A feature that moved the three key metrics upwards was a successful feature - and at first they were fairly innocent.  The ability to send gifts to other players was a huge virality hit.  Significantly improving game performance drove up retention and monetization.  Getting rid of an annoying bug in the tutorial segment significantly increased first day retention.  From the perspective of designing a normal game improvement, then judging that improvement, all of these metrics were great at distinguishing a high value improvement from a change the players didn't even notice.
Of course, that means that the people who designed features that moved those metrics a lot gained significant say in future feature designs (and bonuses / raises).  

Over time, features became more and more optimized to drive those key metrics - and disregarded all other considerations. Fun, ethics, long term player retention (which was very difficult to measure), and everything else fell by the wayside.  People still talked about it, of course, but we had improving those key metrics down to a science.  Trying to argue “but this way will be less annoying to the players” when someone can look at the data and say “well the metrics are 10% better with this” just didn't work.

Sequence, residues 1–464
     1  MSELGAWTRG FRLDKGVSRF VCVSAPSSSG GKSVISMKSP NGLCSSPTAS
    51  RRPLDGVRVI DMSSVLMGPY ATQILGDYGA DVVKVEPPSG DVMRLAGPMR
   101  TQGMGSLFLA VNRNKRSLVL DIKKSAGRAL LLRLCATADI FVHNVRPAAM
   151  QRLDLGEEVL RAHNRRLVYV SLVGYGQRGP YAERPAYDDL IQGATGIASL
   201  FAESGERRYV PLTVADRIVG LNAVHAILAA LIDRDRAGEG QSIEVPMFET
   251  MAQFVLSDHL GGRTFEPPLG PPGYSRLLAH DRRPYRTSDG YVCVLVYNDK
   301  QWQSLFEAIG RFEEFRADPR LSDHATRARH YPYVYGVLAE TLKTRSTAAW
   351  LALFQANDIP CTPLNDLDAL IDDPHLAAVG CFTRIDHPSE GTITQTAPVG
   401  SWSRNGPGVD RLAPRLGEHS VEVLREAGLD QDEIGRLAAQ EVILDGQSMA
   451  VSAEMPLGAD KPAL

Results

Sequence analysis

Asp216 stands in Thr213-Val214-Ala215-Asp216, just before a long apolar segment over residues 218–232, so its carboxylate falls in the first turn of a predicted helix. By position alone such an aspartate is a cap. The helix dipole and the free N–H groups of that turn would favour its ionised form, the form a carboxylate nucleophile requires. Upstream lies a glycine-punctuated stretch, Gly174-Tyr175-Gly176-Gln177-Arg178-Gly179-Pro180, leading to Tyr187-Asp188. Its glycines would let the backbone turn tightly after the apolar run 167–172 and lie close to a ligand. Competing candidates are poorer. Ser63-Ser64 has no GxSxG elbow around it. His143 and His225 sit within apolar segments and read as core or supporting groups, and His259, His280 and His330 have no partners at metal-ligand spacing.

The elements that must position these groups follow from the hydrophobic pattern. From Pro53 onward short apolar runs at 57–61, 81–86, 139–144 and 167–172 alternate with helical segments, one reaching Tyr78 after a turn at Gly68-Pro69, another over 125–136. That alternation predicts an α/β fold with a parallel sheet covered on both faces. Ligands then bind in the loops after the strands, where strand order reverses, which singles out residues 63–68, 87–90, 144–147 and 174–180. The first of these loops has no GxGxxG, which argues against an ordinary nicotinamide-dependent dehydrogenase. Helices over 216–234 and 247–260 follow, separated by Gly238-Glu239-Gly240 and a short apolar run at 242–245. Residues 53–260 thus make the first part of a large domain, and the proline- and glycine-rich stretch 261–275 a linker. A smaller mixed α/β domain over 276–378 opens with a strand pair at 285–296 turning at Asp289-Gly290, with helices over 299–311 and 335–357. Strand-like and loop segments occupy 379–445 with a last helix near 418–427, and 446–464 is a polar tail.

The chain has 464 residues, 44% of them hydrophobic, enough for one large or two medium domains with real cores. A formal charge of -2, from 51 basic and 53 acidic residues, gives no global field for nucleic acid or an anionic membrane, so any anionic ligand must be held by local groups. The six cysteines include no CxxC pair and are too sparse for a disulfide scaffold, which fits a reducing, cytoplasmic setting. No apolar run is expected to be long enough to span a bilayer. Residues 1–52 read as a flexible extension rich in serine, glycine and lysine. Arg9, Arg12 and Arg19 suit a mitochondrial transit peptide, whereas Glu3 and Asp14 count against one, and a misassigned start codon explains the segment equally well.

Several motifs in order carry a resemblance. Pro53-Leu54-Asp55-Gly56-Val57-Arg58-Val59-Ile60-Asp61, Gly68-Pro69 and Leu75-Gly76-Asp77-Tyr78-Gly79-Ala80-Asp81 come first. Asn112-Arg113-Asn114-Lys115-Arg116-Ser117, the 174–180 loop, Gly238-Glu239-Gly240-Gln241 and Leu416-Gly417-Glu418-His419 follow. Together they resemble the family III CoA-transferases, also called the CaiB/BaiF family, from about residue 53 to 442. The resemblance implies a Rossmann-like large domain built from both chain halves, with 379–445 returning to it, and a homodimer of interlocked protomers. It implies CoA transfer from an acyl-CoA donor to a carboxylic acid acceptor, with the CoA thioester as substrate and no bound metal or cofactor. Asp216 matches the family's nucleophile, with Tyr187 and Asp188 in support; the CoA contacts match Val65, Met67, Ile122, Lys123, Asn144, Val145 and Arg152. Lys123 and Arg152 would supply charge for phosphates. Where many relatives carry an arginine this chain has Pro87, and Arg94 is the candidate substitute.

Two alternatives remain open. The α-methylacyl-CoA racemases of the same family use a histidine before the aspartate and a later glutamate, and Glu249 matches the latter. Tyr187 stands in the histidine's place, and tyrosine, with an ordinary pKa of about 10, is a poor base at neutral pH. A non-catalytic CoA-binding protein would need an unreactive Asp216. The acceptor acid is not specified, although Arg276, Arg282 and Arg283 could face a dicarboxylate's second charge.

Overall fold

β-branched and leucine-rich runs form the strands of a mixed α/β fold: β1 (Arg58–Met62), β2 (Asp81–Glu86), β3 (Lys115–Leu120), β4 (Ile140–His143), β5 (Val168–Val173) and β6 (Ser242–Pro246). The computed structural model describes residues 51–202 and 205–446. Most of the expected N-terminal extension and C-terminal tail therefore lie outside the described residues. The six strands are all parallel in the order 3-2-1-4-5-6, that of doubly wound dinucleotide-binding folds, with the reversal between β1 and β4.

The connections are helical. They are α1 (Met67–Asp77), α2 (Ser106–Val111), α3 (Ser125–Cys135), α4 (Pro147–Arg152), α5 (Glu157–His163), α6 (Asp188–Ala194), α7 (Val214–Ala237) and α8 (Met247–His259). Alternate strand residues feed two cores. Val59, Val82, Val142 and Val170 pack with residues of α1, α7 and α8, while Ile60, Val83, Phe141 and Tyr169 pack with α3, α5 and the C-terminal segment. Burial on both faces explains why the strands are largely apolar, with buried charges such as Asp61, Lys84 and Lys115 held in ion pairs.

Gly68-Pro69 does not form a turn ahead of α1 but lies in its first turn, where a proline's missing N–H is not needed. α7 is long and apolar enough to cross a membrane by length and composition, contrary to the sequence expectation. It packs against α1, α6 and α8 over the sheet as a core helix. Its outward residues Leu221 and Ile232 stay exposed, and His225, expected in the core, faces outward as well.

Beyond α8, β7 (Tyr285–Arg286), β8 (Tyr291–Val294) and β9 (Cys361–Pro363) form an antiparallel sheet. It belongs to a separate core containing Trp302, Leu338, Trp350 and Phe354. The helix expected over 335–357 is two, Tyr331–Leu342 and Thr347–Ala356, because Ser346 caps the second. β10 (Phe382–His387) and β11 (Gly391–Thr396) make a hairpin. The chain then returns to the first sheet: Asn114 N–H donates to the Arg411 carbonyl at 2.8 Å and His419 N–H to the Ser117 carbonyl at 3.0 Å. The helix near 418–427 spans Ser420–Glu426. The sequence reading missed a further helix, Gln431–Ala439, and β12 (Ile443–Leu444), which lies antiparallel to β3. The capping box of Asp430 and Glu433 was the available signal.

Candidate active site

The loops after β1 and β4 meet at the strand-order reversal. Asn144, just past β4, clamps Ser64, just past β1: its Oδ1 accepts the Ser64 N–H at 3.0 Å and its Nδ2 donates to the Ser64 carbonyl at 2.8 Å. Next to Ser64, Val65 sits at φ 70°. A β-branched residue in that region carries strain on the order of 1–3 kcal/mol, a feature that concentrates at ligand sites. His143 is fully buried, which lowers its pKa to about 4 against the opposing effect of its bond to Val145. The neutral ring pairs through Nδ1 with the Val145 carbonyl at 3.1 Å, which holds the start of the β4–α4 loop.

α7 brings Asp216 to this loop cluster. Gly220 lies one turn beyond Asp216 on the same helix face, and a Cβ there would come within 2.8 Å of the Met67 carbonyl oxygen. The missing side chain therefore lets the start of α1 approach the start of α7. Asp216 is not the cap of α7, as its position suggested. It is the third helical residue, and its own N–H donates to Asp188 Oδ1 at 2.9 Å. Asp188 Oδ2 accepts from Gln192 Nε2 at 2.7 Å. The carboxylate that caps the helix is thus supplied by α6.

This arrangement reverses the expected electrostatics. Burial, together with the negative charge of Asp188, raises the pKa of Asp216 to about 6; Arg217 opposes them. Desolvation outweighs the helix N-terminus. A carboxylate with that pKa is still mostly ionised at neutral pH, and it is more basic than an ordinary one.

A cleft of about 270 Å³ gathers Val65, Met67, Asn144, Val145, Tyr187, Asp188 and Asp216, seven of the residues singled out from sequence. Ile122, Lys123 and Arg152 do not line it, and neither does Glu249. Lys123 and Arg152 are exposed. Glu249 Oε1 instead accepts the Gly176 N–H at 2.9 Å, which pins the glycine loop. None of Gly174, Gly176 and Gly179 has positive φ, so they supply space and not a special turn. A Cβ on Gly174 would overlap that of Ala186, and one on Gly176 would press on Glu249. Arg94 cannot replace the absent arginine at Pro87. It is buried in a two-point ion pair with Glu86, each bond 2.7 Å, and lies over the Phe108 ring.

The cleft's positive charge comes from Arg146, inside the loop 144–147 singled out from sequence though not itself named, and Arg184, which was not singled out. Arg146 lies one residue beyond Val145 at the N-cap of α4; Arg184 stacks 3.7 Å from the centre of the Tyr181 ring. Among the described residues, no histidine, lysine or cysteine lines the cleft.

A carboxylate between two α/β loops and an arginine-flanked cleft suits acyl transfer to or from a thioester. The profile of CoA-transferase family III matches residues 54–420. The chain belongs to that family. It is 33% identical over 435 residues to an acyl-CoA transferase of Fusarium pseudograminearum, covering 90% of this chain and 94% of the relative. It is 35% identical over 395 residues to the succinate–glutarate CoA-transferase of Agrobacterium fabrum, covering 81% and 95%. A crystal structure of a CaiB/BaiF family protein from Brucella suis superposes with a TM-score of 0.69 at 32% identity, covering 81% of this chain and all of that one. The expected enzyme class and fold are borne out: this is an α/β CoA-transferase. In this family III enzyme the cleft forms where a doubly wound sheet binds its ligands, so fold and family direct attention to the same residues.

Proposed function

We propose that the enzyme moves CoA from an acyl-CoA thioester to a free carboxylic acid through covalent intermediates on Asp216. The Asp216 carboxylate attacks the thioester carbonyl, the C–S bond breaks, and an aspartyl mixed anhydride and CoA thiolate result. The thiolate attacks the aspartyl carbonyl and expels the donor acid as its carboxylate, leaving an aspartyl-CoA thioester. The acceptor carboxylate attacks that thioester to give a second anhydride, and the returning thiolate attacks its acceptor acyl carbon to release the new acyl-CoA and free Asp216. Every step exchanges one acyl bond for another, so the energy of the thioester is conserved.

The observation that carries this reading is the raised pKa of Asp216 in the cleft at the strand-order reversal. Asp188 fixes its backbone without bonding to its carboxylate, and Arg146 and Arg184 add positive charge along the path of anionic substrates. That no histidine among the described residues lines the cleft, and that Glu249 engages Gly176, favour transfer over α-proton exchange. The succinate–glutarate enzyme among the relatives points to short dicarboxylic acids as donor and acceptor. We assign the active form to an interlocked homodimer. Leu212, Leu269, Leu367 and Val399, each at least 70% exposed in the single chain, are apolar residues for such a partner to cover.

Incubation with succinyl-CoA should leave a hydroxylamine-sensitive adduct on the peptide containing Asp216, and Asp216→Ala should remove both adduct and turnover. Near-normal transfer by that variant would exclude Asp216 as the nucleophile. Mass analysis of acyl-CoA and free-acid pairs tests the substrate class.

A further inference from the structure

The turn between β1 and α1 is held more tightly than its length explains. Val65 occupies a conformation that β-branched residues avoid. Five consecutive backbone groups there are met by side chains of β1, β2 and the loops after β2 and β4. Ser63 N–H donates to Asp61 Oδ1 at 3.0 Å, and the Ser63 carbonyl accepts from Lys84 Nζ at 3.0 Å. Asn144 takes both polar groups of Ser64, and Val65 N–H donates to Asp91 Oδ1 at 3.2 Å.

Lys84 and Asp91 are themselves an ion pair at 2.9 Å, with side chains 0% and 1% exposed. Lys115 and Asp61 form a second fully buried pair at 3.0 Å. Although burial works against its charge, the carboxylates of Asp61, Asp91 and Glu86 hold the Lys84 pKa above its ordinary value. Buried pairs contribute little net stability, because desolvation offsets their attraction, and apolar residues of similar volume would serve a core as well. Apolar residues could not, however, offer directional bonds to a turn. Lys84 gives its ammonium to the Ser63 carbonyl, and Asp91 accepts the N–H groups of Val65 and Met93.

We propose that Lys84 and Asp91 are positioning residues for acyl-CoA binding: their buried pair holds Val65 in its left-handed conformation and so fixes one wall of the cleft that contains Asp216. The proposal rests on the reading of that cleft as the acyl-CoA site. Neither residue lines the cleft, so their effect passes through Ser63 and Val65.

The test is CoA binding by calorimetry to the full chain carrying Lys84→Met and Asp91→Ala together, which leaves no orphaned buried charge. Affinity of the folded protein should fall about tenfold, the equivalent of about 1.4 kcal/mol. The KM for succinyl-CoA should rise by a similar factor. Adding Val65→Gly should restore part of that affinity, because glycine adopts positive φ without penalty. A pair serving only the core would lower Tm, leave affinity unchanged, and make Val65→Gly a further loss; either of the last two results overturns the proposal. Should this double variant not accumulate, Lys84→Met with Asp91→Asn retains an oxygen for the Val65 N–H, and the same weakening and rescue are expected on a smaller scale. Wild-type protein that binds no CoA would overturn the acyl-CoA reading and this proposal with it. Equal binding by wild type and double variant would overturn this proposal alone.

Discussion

We weren't completely oblivious to this, even as it was happening.  We made a number of efforts to start tracking how much the players were actually enjoying the game, including a big company push to track and optimize “Net Promoter Score” (NPS).  Unfortunately, we still had to keep the money flowing in to support the company, which meant the weekly features to prop up the 3 key metrics still had to keep going out.  I don’t know if Zynga ever managed to actually increase NPS or if they eventually gave up on them, but I do know even targeting metrics like NPS isn't a sure track to a good game - eventually someone will figure out how to easily raise NPS at the cost of other parts of the gaming experience, and it will be downhill from there.

Post Zynga

A lot of developers have left Zynga to other companies, and I’ve seen a lot of other gaming companies that have been heavily influenced by Zynga’s metrics first strategy. From a business and investor viewpoint, that strategy has been tremendously profitable, and so there’s huge pressure to adopt it.  From a hardcore gamer viewpoint, that strategy is a nightmare that’s ruining the mobile gaming market, and bleeding out into other markets.

In most Zynga spinoffs I've heard about, the three key metrics are what are tracked - not any of the harder but potentially better metrics that Zynga tried to adopt later.  

The feature sets we used at Zynga are also spread throughout the entire industry now, often poorly implemented to be even worse experiences than they were originally.  The big hubbub about the new Dragon Keeper game seemed to be largely caused by the energy mechanic and the plant/harvest mechanics being forced into the game, with prices set abusively high.